Unlike the 1990 mini-series adaption, the film features on-screen blood and gore, specifically in relation to the deaths of George Denbrough (whose death was off-screen in It (1990)) and other victims including Betty Ripsom. The film also features Henry Bowers carving the letter H into Ben Hanscom's stomach, a scene which was begun but never finished in the 1990 adaptation.

The original novel portrayed "It" as manifesting in the forms of various classic Universal 1930s-1940s horror monsters, including Wolfman (though technically "It's" manifestation is of the shapeshifter from I Was a Teenage Werewolf (1957)), Frankenstein's Monster, Creature from the Black Lagoon's Gill-Man and the Mummy. All these forms are omitted from the film except for the Mummy, which is featured attacking Ben in the climax.

Mike (Chosen Jacobs) encounters It in the form of his burning parents and other fire victims trying to escape from behind a padlocked door. While Mike explains what happened to his parents, the other arms could belong to Black Spot nightclub victims. In the novel, Mike's father tells him the story of the Black Spot fire, which was started by the Maine Legion of White Decency. This was also mentioned by Ben in the film while he was talking about his Derry research.

80s references: During a scene toward the end of the film where Pennywise rises up to loom over The Losers the movement of his body and arms is reminiscent of a scene from John Carpenter's The Thing (1982). The scene toward the end where The Losers part ways in a series of fades suggests a reference to the final shot of River Phoenix's Chris Chambers at the end of Stand by Me (1986).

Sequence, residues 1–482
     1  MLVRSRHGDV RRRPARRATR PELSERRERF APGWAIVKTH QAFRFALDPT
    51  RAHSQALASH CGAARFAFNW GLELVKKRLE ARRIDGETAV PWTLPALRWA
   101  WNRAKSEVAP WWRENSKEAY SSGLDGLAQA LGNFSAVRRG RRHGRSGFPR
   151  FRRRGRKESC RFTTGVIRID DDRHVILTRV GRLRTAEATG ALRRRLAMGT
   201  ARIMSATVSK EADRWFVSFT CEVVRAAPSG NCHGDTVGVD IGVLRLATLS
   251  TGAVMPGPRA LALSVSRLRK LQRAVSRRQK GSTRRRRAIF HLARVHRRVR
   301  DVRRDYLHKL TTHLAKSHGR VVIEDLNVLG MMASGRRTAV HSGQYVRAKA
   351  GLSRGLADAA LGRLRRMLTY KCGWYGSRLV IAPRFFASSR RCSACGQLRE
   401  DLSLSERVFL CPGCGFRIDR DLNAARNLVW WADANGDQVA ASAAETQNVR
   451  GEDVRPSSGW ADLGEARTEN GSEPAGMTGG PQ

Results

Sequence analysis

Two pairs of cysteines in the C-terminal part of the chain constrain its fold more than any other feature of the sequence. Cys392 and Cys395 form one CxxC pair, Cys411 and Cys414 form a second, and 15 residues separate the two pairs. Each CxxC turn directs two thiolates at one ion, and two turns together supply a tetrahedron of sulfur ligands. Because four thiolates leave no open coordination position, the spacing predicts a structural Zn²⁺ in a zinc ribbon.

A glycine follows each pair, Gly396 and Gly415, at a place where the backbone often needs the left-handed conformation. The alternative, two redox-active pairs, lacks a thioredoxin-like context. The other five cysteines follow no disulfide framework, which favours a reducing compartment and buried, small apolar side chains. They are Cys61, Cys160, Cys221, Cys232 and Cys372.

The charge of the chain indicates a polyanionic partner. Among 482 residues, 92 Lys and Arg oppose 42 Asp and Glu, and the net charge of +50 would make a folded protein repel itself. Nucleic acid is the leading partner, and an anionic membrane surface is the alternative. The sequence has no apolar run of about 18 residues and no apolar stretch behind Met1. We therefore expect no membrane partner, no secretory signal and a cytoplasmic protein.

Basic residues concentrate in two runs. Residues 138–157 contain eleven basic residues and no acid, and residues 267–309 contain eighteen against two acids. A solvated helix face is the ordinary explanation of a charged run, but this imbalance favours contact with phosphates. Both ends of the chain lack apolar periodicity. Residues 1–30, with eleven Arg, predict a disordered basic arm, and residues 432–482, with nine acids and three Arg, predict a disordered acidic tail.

The first one to die in the film is Georgie Denbrough (younger brother of Bill Denbrough), right after losing the paper boat. One of his last lines is "Bill's gonna kill me!" The actor who plays Pennywise (who kills Georgie) is played by Bill Skarsgård.

(at around 1h 26 mins) An homage to the werewolf form taken from the novel comes in the sequence of Pennywise advancing towards the Losers after initially attempting to eat Eddie. The clown's arm morphs into a hairy, extended werewolf-like hand which can also be seen in the promos and trailers of the film.

Unlike the original novel and the 1990 miniseries, in this film, Beverly Marsh had to kill her abusive father in self-defense. Similarly, in Carrie (1976) as well as the original novel and its subsequent adaptations, Carrie White had to kill her abusive mother in self-defense. Both films are based on novels by Stephen King.

This film and A Nightmare on Elm Street 5: The Dream Child (1989) has similar scenes, especially concerning the main antagonists Pennywise and Freddy Krueger. For example: The main villain manipulating reality in order to make his victims more vulnerable (i.e. making objects come to life, warping his victims' minds into seeing things that aren't present). The main villain emerging from the water to terrorize his victims. Towards the latter half of the film, during a confrontation, one of the main characters ends up shoving an instrument into the main villain's mouth to defend themselves.

The disturbing scene where Georgie meets Pennywise in the sewer is reminiscent of when Jeremy and Jemima meet the Child Catcher in Chitty Chitty Bang Bang (1968).